• 66. 56 Medical Statistics Made Easy Poisson Regression Poisson regression is mainly used to study waiting times or time between rare events. Cox proportional hazards regression model The Cox regression model (page 60) is used in survival analysis where the outcome is time until a certain event.Watch out for... Regression should not be used to make predictions outside of the range of the original data. In the example above, we can only make predictions from blood glucoses which are between 5 and 20.Regression or correlation? Regression and correlation are easily confused. Correlation measures the strength of the association between variables. Regression quantifies the association. It should only be used if one of the variables is thought to precede or cause the other.
  • 67. SURVIVAL ANALYSIS: LIFE TABLES AND KAPLAN–MEIER PLOTSHow important are they?★★★ Survival analysis techniques are used in 20% of papers.How easy are they to understand?LLL Life tables are difficult to interpret. Luckily, most papers make it easy for you by showing the resulting plots – these graphs give a good visual feel of what has happened to a population over time.When are they used? Survival analysis techniques are concerned with representing the time until a single event occurs. That event is often death, but it could be any other single event, for example time until discharge from hospital. Survival analysis techniques are able to deal with situations in which the end event has not happened in every patient or when information on a case is only known for a limited duration – known as “censored” observations.What do they mean? Life table. A life table is a table of the proportion of patients surviving over time.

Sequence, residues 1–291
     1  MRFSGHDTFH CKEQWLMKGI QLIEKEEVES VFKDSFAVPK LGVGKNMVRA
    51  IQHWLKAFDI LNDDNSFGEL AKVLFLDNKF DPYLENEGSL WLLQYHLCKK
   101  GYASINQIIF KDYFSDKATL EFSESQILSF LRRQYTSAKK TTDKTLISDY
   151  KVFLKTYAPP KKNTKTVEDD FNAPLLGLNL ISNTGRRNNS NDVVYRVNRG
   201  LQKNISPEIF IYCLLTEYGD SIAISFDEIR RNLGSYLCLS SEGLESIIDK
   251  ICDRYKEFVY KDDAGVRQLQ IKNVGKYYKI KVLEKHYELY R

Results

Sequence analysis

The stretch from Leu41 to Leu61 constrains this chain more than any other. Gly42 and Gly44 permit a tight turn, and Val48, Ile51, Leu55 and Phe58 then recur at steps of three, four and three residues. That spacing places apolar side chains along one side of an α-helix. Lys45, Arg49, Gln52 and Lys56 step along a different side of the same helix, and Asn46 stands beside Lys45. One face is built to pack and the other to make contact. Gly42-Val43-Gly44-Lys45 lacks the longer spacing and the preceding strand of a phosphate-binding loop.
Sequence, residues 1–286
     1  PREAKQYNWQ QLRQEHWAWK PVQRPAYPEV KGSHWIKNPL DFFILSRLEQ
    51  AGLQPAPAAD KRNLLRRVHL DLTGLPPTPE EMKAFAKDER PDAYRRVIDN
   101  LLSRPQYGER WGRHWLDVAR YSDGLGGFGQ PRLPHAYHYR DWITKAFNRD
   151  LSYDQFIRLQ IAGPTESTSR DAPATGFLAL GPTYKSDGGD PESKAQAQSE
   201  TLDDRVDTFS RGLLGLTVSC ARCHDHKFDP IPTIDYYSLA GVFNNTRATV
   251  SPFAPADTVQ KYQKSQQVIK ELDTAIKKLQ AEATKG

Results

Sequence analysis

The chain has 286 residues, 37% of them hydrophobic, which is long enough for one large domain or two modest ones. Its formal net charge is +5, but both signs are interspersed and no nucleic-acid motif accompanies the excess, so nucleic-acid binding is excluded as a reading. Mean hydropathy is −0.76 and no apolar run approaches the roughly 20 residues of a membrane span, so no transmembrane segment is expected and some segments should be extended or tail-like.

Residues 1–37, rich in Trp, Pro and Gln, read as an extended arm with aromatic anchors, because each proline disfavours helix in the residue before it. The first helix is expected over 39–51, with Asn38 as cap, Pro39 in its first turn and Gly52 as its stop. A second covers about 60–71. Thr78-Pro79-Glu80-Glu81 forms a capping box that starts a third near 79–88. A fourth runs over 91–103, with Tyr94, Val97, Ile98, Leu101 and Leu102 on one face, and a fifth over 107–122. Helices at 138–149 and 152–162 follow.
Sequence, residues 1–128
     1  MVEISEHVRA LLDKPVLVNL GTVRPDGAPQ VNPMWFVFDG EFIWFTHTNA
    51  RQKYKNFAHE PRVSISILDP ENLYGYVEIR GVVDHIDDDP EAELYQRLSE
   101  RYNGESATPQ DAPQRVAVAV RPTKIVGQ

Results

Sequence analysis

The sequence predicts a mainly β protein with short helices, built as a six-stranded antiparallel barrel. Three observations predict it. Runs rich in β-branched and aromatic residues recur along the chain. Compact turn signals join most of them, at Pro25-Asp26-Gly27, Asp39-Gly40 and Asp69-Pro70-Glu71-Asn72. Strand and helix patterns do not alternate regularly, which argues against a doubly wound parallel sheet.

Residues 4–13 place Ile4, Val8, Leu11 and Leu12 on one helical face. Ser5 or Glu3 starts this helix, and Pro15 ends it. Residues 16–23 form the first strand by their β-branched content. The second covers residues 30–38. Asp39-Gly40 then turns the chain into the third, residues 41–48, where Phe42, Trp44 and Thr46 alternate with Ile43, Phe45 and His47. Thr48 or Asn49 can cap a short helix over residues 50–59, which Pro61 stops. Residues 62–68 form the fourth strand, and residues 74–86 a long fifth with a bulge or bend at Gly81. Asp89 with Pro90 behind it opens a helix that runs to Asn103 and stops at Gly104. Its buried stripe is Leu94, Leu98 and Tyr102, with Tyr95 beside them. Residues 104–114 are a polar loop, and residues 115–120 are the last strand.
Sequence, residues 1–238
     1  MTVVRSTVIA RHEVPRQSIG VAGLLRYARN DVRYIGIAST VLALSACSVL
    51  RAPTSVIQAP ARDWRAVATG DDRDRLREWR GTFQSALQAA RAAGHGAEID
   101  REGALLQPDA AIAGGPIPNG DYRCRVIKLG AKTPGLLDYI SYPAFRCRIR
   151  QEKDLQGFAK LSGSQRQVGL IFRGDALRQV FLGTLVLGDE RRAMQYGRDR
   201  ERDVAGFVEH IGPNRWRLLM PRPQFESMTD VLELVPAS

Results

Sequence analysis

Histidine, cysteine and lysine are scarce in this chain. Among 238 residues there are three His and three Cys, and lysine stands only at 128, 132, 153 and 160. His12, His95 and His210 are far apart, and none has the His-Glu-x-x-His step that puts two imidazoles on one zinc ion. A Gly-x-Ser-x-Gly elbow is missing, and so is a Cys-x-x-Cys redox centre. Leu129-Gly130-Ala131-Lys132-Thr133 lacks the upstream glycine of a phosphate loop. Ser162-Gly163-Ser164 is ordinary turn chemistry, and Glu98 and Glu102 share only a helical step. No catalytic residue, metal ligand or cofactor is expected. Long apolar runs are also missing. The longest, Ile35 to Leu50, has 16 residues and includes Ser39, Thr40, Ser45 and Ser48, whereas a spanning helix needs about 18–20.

• 68. 58 Medical Statistics Made Easy Life table methods look at the data at a number of fixed time points and calculate the survival rate at those times. The most commonly used method is Kaplan–Meier. Kaplan–Meier The Kaplan–Meier approach recalculates the survival rate when an end event (e.g. death) occurs in the data set, i.e. when a change happens rather than at fixed intervals. This is usually represented as a “survival plot”. Fig. 13 shows a fictitious example. 100 80 Cumulative survival (%) 60 40 20 0 0 10 20 30 40 50 Survival (years)Fig. 13. Kaplan–Meier survival plot of a cohort of patients with rheumatoid arthritis. The dashed line shows that at 20 years, 36% of this group of patients were still alive.